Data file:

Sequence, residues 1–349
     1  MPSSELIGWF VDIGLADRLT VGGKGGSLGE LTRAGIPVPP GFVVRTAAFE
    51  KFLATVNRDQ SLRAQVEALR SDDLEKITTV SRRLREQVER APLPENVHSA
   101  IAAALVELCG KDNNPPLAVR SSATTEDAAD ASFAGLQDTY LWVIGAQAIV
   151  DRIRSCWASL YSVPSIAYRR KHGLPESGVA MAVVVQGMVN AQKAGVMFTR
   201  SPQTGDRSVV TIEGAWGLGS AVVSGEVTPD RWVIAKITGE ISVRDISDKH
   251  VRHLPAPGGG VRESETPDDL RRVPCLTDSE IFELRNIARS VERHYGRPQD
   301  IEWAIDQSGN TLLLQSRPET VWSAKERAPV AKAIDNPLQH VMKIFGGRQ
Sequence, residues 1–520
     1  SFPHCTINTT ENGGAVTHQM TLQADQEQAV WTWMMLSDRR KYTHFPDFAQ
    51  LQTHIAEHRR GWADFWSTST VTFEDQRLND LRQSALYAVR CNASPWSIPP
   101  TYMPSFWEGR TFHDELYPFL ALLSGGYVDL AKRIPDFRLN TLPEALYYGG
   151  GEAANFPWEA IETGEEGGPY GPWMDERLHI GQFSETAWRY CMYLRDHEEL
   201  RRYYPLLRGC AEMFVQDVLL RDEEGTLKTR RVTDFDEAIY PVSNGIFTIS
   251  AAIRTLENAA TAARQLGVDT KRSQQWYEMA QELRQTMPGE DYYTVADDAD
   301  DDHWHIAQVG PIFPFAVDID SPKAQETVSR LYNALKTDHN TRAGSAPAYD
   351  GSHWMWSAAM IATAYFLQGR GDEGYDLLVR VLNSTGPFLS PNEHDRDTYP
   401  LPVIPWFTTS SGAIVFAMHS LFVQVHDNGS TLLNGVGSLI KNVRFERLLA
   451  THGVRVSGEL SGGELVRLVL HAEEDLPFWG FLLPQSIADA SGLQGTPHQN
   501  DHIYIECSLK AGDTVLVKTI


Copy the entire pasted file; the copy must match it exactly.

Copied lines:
Sequence, residues 1–349
     1  MPSSELIGWF VDIGLADRLT VGGKGGSLGE LTRAGIPVPP GFVVRTAAFE
    51  KFLATVNRDQ SLRAQVEALR SDDLEKITTV SRRLREQVER APLPENVHSA
   101  IAAALVELCG KDNNPPLAVR SSATTEDAAD ASFAGLQDTY LWVIGAQAIV
   151  DRIRSCWASL YSVPSIAYRR KHGLPESGVA MAVVVQGMVN AQKAGVMFTR
   201  SPQTGDRSVV TIEGAWGLGS AVVSGEVTPD RWVIAKITGE ISVRDISDKH
   251  VRHLPAPGGG VRESETPDDL RRVPCLTDSE IFELRNIARS VERHYGRPQD
   301  IEWAIDQSGN TLLLQSRPET VWSAKERAPV AKAIDNPLQH VMKIFGGRQ
Sequence, residues 1–520
     1  SFPHCTINTT ENGGAVTHQM TLQADQEQAV WTWMMLSDRR KYTHFPDFAQ
    51  LQTHIAEHRR GWADFWSTST VTFEDQRLND LRQSALYAVR CNASPWSIPP
   101  TYMPSFWEGR TFHDELYPFL ALLSGGYVDL AKRIPDFRLN TLPEALYYGG
   151  GEAANFPWEA IETGEEGGPY GPWMDERLHI GQFSETAWRY CMYLRDHEEL
   201  RRYYPLLRGC AEMFVQDVLL RDEEGTLKTR RVTDFDEAIY PVSNGIFTIS
   251  AAIRTLENAA TAARQLGVDT KRSQQWYEMA QELRQTMPGE DYYTVADDAD
   301  DDHWHIAQVG PIFPFAVDID SPKAQETVSR LYNALKTDHN TRAGSAPAYD
   351  GSHWMWSAAM IATAYFLQGR GDEGYDLLVR VLNSTGPFLS PNEHDRDTYP
   401  LPVIPWFTTS SGAIVFAMHS LFVQVHDNGS TLLNGVGSLI KNVRFERLLA
   451  THGVRVSGEL SGGELVRLVL HAEEDLPFWG FLLPQSIADA SGLQGTPHQN
   501  DHIYIECSLK AGDTVLVKTI